Bell council members guilty of multiple corruption counts
Five former Bell City Council members were found guilty Wednesday of stealing public money by paying themselves extraordinary salaries in one of Los Angeles County’s poorest cities.
But the verdicts in the four-week trial were decidedly mixed, as the defendants -- Victor Bello, George Cole, Oscar Hernandez, Teresa Jacobo and George Mirabal -- were also found not guilty of some of the charges they faced. The sixth defendant, Luis Artiga, was found not guilty. The jury did not reach a verdict in about half the counts faced by five of the defendants.
The nearly $100,000 salaries drawn by most of the former elected officials are part of a much larger municipal corruption case in the southeast Los Angeles County city in which prosecutors allege that money from the city’s modest general fund flowed freely to top officials.
The three defendants who testified painted a picture of a city as a place led by a controlling, manipulative administrator who handed out enormous salaries, loaned city money and padded future pensions. Robert Rizzo, the former administrator, and former assistant city manager Angela Spaccia are awaiting trial.
The trial of the former council members turned on extremes.
Deputy Dist. Atty. Edward Miller said the council members were little more than common thieves who were consumed with fattening their paychecks at the expense of the city’s largely immigrant, working-poor residents.
Miller said the accused represented the “one-percenters" of Bell who had “apparently forgotten who they are and where they live."
Defense attorneys said the former city leaders -- one a pastor, another a mom-and-pop grocery store owner, another a funeral director -- were dedicated public servants who put in long hours and tirelessly responded to the needs of their constituents.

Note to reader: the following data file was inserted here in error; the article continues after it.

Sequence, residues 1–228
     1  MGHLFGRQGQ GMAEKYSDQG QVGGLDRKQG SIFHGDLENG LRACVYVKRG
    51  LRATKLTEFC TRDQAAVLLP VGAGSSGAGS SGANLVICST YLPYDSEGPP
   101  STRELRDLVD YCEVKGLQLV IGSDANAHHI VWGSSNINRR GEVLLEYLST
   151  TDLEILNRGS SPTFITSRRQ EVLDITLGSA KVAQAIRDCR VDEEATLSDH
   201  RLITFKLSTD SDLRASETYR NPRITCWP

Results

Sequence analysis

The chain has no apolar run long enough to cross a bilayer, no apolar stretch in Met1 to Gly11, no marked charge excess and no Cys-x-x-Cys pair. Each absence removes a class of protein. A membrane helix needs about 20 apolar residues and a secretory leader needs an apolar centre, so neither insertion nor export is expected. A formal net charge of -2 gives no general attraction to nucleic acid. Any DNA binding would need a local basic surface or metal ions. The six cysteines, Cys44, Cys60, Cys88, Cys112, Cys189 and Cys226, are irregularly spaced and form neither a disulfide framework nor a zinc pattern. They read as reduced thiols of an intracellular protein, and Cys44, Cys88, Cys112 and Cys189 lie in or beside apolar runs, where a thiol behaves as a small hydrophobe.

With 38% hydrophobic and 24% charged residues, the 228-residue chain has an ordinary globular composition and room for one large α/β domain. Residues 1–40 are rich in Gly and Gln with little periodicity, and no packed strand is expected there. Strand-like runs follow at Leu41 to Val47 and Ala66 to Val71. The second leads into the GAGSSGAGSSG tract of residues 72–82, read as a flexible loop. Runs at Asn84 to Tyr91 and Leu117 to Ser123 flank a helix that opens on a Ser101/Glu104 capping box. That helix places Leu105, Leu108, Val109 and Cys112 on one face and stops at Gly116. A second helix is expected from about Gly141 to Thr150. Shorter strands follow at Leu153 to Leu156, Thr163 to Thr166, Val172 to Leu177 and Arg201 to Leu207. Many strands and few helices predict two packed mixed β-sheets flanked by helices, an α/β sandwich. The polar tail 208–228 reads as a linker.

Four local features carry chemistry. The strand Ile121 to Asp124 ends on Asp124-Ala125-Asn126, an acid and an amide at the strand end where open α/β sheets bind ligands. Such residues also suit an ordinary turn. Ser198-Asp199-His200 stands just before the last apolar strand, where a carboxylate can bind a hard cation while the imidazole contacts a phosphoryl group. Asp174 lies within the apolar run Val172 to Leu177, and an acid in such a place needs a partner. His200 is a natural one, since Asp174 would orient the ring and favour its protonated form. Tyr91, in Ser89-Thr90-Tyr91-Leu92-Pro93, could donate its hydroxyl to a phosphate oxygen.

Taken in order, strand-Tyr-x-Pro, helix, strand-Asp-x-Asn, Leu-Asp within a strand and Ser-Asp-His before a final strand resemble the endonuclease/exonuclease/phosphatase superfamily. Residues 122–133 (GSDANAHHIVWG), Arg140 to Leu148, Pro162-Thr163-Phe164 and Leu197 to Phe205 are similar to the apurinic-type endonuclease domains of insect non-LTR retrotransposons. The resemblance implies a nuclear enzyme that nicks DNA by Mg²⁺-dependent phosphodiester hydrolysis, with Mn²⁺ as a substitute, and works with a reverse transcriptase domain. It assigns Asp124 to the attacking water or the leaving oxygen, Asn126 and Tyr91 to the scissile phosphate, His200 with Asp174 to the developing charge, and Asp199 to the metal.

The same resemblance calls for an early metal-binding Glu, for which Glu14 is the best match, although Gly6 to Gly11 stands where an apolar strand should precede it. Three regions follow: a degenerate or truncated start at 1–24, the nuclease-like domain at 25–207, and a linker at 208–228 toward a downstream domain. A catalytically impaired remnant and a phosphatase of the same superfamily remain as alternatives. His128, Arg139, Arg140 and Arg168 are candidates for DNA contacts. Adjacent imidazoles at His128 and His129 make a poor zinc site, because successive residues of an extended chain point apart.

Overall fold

Jacobo testified Rizzo informed her she could quit her job as a real estate agent and receive a full-time salary as a council member. She said she asked City Atty. Edward Lee if that was possible and he nodded his head.
"I thought I was doing a very good job to be able to earn that, yes," Jacobo said.
Cole said Rizzo was so intimidating the former councilman voted for a 12% annual pay raise out of fear the city programs he established would be gutted by Rizzo in retaliation if he opposed the pay hikes.
The defense argued the prosecution failed to prove criminal negligence -- that their clients knew what they were doing was wrong or that a reasonable person would know it was wrong.
The attorney for Hernandez, the city’s mayor at the time of the arrests, said his client had only a grade-school education, was known more for his heart than his intellect and was, perhaps, not overly “scholarly.”Prosecutors argued the council members pushed up their salaries by serving on city boards that rarely met and, in one case, existed only as a means for paying them even more money.
Jurors were also left to deal with the question of whether council members were protected by a City Charter that was approved in a special election that drew fewer than 400 voters.
Defense attorneys say the charter allowed council members to be paid for serving on the authorities.
But the prosecutor argued the charter -- a quasi-constitution for a city -- set salaries at what councils in similar-sized cities were receiving under state law: $8,076 a year. Because council members automatically serve on boards and commissions, the district attorney said the total compensation for all of each council member's work was included in that figure.
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-- Corina Knoll and Kate Mather
Photo: Six former Bell city leaders, from left, George Mirabal, Luis Artiga, Teresa Jacobo, George Cole, Oscar Hernandez and Victor Bello, at their trial that started at Los Angeles County Superior Court in January. Credit: Irfan Khan / Los Angeles Times